Henry Grabar is a staff writer for Slate’s Moneybox and a former fellow at CityLab. He lives in New York.
Modern America, take note.
The earthworks at Poverty Point, Louisiana, are considered one of the most impressive construction feats of prehistoric North America. Two weeks ago, the site was nominated for inclusion on UNESCO's list of World Heritage sites, where it would join 21 other U.S. landmarks, including the Statue of Liberty and the Grand Canyon.
Little is known about the series of mounds and ridges or the hunter-gatherer society that created them, besides that they were built between three and four thousand years ago. The prevailing wisdom has been that their mass accumulated over hundreds of years.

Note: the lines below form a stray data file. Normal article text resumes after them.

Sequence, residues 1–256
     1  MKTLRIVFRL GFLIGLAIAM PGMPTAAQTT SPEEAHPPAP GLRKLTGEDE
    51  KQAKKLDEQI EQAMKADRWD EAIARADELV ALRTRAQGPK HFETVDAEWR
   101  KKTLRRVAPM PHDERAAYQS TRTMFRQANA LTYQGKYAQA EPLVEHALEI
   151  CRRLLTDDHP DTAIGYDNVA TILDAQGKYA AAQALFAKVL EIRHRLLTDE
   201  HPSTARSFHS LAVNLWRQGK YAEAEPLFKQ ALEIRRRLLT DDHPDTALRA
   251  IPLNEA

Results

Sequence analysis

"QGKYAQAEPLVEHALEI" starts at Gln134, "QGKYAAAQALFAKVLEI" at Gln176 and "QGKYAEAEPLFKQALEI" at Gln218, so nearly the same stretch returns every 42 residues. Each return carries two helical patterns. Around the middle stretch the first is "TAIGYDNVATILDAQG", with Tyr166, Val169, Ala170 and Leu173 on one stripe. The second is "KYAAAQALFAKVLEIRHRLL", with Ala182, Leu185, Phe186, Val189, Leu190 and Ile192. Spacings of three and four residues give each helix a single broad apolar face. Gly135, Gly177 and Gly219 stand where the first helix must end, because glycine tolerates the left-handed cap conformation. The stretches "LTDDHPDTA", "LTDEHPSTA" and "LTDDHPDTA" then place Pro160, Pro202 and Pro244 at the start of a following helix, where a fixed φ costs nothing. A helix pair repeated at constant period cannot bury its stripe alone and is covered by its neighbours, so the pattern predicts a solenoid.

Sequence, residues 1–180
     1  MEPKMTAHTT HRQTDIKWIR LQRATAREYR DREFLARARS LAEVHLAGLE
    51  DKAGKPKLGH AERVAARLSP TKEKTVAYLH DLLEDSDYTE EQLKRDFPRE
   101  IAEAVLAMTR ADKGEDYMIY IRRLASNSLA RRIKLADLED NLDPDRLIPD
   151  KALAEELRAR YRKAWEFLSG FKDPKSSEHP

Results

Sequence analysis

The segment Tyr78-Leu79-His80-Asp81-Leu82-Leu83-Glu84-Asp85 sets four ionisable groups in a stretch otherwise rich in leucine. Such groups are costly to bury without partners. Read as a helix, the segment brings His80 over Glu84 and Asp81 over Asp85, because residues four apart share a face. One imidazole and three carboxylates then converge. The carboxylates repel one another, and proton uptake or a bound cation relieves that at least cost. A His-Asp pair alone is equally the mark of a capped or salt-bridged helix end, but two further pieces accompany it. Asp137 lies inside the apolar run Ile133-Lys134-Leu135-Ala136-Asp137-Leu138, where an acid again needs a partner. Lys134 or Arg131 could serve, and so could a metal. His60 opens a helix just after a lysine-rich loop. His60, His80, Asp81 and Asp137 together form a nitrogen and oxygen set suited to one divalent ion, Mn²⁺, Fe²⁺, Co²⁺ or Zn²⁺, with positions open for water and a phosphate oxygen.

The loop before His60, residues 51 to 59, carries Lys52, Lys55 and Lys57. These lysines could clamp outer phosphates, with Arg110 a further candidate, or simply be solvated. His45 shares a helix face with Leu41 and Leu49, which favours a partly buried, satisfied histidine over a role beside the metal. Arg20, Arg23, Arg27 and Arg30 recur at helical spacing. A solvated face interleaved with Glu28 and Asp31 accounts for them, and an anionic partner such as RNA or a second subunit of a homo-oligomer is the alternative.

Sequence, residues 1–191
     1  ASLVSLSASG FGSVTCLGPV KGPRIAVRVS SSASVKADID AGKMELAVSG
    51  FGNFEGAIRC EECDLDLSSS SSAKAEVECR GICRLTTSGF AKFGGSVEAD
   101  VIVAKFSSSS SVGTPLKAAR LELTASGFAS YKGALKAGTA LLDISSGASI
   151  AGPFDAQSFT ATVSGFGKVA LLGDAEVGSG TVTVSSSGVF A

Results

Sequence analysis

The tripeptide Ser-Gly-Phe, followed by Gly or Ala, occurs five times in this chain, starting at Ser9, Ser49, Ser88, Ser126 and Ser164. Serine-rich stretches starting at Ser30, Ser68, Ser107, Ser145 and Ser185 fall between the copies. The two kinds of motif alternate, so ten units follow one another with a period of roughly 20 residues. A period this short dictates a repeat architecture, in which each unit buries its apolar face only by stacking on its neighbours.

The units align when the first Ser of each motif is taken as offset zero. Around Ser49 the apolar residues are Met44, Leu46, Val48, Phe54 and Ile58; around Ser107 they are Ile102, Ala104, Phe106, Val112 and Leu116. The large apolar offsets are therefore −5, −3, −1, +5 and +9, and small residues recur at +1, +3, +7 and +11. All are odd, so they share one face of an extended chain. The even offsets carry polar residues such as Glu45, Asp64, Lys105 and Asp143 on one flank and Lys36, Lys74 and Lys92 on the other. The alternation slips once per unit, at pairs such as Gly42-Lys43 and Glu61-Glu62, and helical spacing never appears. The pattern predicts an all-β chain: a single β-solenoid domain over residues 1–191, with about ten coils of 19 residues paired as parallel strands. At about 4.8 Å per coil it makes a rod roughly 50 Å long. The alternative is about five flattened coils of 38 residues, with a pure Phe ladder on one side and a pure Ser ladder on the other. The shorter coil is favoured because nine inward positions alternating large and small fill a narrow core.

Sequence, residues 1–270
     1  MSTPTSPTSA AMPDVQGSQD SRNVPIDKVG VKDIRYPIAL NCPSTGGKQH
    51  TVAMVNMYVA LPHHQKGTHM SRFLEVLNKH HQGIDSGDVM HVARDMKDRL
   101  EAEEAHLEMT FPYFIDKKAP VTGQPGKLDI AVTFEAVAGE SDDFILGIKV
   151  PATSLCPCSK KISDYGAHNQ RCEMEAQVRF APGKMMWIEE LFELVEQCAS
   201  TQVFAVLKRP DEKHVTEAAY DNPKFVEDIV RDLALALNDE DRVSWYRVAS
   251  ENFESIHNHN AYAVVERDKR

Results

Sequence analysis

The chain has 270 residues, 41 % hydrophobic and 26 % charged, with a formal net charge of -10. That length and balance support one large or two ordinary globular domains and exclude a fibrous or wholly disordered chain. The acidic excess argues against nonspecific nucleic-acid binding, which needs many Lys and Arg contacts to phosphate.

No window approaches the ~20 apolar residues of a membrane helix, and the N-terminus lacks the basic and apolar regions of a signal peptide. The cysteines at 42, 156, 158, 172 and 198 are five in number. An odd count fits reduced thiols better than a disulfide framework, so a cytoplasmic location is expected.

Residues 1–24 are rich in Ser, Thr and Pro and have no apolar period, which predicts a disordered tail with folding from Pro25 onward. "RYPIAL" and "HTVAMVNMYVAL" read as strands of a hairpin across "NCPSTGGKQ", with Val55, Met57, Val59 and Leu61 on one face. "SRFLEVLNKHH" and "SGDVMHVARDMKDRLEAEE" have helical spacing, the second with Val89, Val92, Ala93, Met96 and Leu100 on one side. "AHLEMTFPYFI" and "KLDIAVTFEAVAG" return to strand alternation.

But this week, researchers from Washington University in St. Louis and Murray State University announced that the largest of the mounds, "Mound A," which covers over 500,000 square feet, was built in fewer than 90 days.
By analyzing soil patterns, the researchers concluded that there had been no serious erosion during the construction of the mound, and thus no heavy rainfall. In a region as rainy as the American Southeast, this indicates a staggering speed of construction.
Why does this matter? For people without organized agriculture, permanent settlements, domesticated draft animals or sophisticated tools like wheelbarrows, moving over 300,000 square yards of dirt in so short a time -- about eight million basket loads -- would have required an unprecedented degree of political structure. (A modern dump truck would require over 10,000 loads to do the same.)
Hunter-gatherers are typically thought to have existed in small societies of dozens of people. Building Mound A in less than three months would have required, the study estimates, a gathering of 9,000 people.
Top image: Flickr user Kniemla. Inset: Creative Commons.